of the other deities or superior beings spoken of by Mr Parker do not tally with account recieved

by me."40

37E,S,Parker 1962, p24

38ibid, p.24

39ibid, p.24

40 Thomas, op.cit, 421


125

These disagreements by Parker/Thomas in regard to the Jajowurrung, Stanbridge/Howitt,

Massola in regard to the Watjobulak , Smyth/Howitt in regard to the Woiwurrung and Howitts

two account in regard to the Kurnai should not make us question the competance of these

ethnologists. Similar disagreements are recorded in twentieth century anthropology notably

Spencer and Gillan arguing that reincarnation beliefs is found amongst the Arabunna and Elkin

finding that it did not.41 Theses disagreements should caution us in to accepting that there is

belief homogeneity amongst members of a culture. These disagreements indicate that members

of a community may hold different beliefs from those the informant gives the anthropologist.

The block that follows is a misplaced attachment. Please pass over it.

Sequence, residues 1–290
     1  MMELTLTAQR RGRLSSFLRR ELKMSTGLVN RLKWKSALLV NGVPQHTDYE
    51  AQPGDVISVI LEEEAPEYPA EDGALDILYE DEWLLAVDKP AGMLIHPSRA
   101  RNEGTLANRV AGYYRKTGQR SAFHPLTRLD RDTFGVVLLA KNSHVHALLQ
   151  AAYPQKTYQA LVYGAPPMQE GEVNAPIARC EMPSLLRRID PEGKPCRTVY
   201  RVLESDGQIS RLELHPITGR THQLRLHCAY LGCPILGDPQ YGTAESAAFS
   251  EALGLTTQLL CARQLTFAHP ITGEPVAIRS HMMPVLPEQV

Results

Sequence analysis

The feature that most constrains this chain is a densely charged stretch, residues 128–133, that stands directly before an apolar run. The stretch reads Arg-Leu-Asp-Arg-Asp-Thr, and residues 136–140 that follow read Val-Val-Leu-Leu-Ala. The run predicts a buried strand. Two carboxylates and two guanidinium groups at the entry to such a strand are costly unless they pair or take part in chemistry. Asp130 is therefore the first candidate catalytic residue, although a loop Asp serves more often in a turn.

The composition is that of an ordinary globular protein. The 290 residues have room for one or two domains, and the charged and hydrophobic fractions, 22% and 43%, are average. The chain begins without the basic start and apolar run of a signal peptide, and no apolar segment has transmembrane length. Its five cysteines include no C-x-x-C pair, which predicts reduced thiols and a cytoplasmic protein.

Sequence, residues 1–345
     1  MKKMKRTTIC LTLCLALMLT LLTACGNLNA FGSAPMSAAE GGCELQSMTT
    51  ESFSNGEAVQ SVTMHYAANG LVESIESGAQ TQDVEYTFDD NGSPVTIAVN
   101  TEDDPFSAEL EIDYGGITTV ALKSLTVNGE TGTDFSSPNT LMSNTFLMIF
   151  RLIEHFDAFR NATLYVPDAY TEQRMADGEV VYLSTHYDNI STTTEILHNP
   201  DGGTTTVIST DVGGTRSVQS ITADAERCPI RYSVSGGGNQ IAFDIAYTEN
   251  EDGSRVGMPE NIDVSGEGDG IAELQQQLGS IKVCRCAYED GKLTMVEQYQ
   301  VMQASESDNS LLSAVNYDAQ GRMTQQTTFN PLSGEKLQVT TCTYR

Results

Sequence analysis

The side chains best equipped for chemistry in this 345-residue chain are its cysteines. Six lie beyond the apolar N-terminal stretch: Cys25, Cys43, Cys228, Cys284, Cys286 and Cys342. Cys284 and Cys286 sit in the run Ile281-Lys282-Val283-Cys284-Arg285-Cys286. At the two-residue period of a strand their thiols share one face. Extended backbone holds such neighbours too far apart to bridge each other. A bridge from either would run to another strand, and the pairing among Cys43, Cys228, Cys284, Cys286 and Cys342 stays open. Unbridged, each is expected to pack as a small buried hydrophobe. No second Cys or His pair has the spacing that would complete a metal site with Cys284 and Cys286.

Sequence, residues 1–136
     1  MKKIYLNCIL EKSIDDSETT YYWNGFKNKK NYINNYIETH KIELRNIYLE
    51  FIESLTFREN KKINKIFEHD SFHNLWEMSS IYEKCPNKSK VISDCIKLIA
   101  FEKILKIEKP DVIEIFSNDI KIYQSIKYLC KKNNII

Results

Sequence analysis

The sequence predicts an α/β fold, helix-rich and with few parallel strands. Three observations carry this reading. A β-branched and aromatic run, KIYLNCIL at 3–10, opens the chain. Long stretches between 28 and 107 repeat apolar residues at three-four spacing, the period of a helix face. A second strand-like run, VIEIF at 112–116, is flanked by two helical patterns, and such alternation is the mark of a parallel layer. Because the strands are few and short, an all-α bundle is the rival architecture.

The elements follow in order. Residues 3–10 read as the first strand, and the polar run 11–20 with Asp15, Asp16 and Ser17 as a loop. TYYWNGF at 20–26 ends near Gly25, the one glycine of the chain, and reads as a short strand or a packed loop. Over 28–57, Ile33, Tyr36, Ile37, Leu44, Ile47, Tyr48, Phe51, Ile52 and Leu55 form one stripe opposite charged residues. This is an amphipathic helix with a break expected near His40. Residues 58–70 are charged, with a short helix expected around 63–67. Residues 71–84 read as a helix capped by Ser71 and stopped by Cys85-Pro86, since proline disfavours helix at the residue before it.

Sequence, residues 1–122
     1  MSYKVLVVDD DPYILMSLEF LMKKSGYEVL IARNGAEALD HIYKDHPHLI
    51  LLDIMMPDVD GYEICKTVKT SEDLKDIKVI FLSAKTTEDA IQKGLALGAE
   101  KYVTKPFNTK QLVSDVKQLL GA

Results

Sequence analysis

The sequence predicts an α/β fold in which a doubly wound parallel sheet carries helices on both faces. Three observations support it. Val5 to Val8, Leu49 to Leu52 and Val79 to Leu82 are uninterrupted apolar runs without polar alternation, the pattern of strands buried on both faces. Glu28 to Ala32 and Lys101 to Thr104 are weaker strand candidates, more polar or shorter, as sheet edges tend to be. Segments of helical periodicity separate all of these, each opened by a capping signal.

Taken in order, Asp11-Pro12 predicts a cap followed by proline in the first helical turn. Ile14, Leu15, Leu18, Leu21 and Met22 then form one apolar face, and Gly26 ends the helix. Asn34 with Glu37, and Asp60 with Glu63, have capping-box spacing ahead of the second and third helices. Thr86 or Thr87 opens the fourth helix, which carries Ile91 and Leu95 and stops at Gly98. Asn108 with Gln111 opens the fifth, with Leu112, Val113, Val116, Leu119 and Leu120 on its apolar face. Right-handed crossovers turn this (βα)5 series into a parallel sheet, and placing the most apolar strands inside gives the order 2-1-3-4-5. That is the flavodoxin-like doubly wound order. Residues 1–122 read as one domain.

RECONSTRUCTION ONE

The above 'Dreamtime' accounts indicate a number of IMPORTANT POINTS It would seem

from the two different versions given by Stanbridge about the beginning of the sun, the two

different accounts given by Beveridge regarding the beginning of the sun and Cameron's two

different accounts regarding the transformation of the Bookoomuri, indicate that different

versions of the same myth where current amongst different tribes of the same language group.

This as can be seen also applies to the creation accounts of the Wiowurrung and Bunwurrung.

Also the simultaneous occurrence of the emu's egg in the account of Beveridge and Stanbridge,

the similarity between the Nurrumbung-uttias and the Booroomuri, and the occurrence of

astronomical myths could indicate that language groups which where close together

geographically had similar 'dreamtime' motifs. The occurrence of astronomical myths with the
126

Wadawurrung and the Djadjawurrung leads to the possibility that the other Kulin groups i.e

the Woiwurrung, Bunwurrung, Daungwurrung and the Nguraillamwurrung also had an

extensive array of astronomical myths, as did the Boorong tribe of the Wergaia . Smyth records

a Yarra river [ Woiwurrung ] myth which has a snippet of an astronomical myth i.e :Kar-ak-ar-